401(k) deposit rules for employers

5 MIN READEditorial Policy

Key Takeaways

  • Federal law requires employers to deposit employee contributions within a specific timeframe.

  • If an employer fails to deposit their employees’ contributions on time, they risk paying interest on late deposits and penalties, or having their plan disqualified.

  • If an employer does fail to make a deposit on time, the employer can self-correct or formally apply for correction under the Voluntary Fiduciary Correction Program (VFCP).

According to federal law, employers are legally required to deposit employee contributions within a specific timeframe. If an employer fails to deposit their employee contributions and/or loan repayments within a reasonable amount of time, this creates a prohibited transaction between the employer and the plan, as the failure results in a “loan” to the employer.

To correct the issue, the employer should deposit the contributions, as well as contribute late interest to affected participants, and may be subject to penalties assessed by the IRS. 

Below, we’ll walk through the deposit rules for employers, best practices for establishing procedures and recordkeeping to avoid late deposits, and more. 

What are 401(k) deposit rules for employers?

It’s generally advised that employers deposit employee deferral contributions as soon as possible to avoid penalties, taxes, and losses in earnings and interest for employee accounts. Under federal law, employers are required to deposit employee contributions no later than the 15th business day of the month. Although the regulations for the 15 business day deadline have not been amended, they were written before most payroll providers were operating electronically. Therefore, the DOL has held plans to a stricter deadline than how the law reads.

Small plans, defined as those with less than 100 participants, can take advantage of a seven-business-day “safe harbor” when depositing employee contributions to the plan. Under that rule, employee contributions are considered timely if they’re deposited into the plan’s trust within seven business days after the payroll date. 

Large plans, defined as those with 100 or more participants, do not qualify for the safe harbor. Instead, they’re subject to scrutiny by the DOL and if applicable, their plan auditor, to determine how quickly payroll deposits can be made. Large plans must typically deposit employee contributions within five business days, but each employer must analyze its own payroll process to determine the correct number of days for its plan.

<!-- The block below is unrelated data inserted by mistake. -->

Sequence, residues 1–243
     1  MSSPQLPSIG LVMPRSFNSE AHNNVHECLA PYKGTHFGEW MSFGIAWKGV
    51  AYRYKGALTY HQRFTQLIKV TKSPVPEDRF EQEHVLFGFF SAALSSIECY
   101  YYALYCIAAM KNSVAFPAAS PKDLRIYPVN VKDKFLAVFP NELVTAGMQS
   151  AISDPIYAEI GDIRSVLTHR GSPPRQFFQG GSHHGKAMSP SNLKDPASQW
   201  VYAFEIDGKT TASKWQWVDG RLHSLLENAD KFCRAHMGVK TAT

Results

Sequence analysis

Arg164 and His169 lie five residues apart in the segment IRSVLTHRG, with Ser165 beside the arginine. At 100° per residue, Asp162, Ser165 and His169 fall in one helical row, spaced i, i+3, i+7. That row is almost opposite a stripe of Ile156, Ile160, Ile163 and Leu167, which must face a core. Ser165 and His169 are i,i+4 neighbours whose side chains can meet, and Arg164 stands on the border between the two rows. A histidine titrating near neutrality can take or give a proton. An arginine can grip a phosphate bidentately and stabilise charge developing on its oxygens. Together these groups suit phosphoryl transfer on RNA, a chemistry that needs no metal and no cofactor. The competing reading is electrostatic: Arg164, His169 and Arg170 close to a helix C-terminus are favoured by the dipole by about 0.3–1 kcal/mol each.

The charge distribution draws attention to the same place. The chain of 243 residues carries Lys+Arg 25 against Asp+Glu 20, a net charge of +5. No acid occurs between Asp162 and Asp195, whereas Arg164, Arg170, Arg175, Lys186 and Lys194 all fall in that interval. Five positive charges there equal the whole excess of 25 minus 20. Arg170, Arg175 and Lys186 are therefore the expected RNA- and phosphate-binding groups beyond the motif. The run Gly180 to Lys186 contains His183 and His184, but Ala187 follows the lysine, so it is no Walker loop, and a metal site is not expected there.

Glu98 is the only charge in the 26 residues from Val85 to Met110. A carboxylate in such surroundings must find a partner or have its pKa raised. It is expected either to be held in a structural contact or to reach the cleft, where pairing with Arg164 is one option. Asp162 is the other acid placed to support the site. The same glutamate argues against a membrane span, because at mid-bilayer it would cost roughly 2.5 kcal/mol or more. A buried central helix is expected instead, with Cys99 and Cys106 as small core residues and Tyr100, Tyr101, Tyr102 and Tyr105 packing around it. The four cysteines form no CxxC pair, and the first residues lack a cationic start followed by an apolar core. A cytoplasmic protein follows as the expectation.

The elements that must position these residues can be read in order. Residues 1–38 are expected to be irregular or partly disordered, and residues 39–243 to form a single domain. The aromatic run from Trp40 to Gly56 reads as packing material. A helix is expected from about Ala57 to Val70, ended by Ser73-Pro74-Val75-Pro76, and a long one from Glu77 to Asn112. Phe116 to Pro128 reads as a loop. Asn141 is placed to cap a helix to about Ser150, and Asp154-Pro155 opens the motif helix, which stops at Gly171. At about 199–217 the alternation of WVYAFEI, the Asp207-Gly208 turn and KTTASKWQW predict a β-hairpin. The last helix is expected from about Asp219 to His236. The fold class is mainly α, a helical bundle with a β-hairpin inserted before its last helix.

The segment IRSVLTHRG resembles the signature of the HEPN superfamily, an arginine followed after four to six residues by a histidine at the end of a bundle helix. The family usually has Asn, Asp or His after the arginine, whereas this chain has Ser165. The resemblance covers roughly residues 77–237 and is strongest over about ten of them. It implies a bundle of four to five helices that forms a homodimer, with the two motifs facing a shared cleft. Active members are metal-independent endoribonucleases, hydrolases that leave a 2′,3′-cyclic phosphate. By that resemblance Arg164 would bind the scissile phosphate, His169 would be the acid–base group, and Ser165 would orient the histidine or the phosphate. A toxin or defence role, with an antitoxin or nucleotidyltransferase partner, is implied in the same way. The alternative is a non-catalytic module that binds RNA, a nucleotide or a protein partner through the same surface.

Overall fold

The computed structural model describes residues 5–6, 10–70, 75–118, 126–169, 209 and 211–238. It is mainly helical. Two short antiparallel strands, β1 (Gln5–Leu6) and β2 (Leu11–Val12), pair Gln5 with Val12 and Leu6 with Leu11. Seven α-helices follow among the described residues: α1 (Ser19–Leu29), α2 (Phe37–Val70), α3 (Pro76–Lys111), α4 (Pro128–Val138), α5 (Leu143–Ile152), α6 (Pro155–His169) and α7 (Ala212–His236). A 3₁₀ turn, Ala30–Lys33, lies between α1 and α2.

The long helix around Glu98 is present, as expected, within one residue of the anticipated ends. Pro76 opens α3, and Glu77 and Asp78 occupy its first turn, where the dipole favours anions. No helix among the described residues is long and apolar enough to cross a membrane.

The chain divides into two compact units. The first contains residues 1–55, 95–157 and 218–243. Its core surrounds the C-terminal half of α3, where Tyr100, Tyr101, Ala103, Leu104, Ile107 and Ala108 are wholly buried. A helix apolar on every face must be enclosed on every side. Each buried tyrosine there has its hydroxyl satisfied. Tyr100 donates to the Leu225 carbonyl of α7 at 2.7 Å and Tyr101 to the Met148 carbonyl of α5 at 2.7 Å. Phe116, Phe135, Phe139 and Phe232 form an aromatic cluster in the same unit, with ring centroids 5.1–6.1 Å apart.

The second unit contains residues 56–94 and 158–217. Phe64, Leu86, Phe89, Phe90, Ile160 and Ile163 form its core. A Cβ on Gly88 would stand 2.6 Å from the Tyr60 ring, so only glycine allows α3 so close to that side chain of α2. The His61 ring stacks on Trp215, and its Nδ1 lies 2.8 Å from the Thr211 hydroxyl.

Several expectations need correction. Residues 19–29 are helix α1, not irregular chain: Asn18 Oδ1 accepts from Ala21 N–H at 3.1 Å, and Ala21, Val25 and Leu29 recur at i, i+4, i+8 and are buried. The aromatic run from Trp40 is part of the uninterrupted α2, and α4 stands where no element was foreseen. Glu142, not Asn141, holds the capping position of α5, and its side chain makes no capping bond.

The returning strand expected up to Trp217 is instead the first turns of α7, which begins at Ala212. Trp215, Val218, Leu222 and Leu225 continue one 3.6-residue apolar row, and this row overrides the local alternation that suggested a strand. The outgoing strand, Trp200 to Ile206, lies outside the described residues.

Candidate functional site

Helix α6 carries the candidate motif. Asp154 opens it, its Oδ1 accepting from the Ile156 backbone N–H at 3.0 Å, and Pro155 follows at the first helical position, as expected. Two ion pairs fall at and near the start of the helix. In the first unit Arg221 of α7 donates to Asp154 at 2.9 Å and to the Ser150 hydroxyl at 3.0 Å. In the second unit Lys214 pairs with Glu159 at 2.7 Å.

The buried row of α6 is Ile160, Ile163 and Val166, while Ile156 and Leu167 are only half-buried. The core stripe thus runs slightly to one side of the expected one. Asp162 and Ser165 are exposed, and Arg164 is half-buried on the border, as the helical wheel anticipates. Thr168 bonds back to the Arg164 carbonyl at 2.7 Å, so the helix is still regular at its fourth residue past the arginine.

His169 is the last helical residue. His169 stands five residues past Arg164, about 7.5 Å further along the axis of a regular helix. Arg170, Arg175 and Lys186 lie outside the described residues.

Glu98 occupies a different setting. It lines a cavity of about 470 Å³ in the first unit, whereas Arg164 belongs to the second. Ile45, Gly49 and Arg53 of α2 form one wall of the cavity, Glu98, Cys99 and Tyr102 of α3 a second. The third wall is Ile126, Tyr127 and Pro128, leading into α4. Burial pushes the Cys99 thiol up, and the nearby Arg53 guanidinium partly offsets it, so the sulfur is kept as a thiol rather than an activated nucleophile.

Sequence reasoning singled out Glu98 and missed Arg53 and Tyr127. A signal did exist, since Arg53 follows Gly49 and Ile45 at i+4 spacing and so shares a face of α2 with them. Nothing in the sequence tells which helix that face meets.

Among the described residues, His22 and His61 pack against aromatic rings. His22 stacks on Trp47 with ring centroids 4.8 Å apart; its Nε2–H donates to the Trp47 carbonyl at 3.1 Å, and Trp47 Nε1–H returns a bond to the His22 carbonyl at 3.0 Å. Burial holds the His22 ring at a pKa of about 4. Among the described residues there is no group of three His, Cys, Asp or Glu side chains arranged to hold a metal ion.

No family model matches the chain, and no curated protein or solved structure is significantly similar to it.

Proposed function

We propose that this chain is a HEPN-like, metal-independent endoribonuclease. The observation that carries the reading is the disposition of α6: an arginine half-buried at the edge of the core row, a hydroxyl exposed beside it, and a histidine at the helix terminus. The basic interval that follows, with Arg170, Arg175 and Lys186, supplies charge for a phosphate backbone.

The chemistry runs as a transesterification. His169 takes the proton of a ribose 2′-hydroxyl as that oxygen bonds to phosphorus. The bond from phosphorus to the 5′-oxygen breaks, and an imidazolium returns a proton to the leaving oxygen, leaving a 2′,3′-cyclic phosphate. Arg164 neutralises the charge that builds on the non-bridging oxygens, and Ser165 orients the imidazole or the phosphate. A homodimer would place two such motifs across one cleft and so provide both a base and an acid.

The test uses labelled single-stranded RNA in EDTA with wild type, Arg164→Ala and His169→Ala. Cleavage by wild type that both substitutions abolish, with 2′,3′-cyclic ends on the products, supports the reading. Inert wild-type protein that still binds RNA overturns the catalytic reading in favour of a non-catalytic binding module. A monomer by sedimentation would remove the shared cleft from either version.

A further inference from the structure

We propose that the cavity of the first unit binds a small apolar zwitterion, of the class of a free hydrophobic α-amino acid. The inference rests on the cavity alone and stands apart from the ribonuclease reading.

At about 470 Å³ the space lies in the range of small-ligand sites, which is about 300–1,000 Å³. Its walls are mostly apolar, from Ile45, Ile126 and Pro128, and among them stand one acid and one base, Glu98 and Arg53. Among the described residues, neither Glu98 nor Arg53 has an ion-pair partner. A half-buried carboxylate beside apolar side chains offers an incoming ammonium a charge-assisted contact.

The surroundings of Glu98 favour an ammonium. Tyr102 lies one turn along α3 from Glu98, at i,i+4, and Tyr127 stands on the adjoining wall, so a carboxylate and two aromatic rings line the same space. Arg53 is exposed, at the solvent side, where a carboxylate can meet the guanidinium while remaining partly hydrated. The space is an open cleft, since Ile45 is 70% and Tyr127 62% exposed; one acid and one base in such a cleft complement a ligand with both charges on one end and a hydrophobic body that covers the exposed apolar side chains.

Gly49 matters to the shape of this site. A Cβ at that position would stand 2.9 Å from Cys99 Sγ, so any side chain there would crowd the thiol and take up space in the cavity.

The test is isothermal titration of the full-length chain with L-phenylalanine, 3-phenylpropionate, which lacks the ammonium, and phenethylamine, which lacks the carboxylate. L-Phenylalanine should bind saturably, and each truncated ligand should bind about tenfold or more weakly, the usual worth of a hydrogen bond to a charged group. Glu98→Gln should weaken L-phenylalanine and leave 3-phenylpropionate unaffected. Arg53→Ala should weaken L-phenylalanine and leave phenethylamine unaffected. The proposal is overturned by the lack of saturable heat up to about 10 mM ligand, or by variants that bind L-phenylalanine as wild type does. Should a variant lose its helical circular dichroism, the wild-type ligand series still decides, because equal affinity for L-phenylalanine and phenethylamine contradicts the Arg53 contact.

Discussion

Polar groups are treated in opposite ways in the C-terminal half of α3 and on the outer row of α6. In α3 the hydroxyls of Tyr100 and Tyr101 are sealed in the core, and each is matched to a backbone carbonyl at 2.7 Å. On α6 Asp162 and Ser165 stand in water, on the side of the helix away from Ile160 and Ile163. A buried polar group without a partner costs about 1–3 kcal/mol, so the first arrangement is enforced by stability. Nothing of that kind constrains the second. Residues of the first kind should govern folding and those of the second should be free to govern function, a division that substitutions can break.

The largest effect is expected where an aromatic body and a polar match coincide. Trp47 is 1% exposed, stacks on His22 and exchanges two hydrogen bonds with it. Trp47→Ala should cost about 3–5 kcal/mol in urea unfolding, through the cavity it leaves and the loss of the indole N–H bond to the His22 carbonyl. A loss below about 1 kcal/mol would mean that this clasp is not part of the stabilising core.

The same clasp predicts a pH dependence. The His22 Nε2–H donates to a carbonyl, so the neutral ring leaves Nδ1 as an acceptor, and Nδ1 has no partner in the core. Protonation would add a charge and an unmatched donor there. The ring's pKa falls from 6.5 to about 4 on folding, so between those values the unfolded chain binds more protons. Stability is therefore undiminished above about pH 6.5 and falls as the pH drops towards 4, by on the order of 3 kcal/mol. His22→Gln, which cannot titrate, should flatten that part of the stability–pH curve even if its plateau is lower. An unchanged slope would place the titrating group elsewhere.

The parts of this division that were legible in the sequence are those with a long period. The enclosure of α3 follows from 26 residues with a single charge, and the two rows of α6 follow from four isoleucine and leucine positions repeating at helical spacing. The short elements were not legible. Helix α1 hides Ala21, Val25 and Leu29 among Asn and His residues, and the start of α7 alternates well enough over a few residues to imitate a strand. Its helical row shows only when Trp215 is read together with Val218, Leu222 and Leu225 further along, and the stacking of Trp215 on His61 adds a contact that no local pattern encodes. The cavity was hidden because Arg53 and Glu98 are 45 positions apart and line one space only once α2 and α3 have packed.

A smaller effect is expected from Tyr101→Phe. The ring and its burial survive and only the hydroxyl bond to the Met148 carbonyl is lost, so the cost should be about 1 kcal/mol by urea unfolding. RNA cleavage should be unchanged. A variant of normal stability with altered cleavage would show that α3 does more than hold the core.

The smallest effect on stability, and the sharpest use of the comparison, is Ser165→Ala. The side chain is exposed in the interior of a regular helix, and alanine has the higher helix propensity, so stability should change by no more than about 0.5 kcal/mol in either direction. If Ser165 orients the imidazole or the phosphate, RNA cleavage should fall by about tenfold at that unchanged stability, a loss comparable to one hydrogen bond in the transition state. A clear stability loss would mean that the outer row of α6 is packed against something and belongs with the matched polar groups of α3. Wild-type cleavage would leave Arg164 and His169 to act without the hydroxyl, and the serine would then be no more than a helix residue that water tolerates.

It is also worth noting that there is a separate deadline for employer contributions, which are generally required to be deposited no later than the extended due date of a plan sponsor’s corporate filing for the year. 

How can a sponsor correct late deposits?

An employer has two options to correct a late contribution: they can either make a self-correction, or use the DOL’s Voluntary Fiduciary Correction Program (VFCP). If a late contribution is not corrected timely, it may cause penalties to compound, because for every plan year it is not corrected, it creates a new prohibited transaction. Note, that in order for a late contribution to be considered fully corrected, the late interest must be allocated to the affected participant account(s).

To avoid late contribution penalties, we recommend employers reconcile their payroll accounts on a quarterly basis, or at the very least, before the end of the year to avoid penalties from multiplying.  

Self correction

An employer can self-correct a late deposit through self-correction. This process involves depositing the late contributions to the plan, calculating lost earnings, funding the lost earnings to plan participants, and filing Form 5330 to pay the 15% excise tax penalty on Form 5530

For Human Interest clients, we currently assist sponsors with self-correction of late contributions by depositing late earnings based upon the VFCP calculator and preparing annual Form 5330’s to assess the appropriate penalty.  

VFCP correction

To use VFCP, the employer will need to file an application with the DOL, which can be completed alone or with an attorney if necessary. Once the VFCP is approved, the DOL will issue a letter that states the plan does not need to be audited on late contributions and that there will be no penalties on the filing. 

We believe that everyone deserves access to a secure financial future, which is why we make it easy to provide a 401(k) to your employees. Human Interest offers a low-cost 401(k) with automated administration, built-in investment education, and integration with leading payroll providers.

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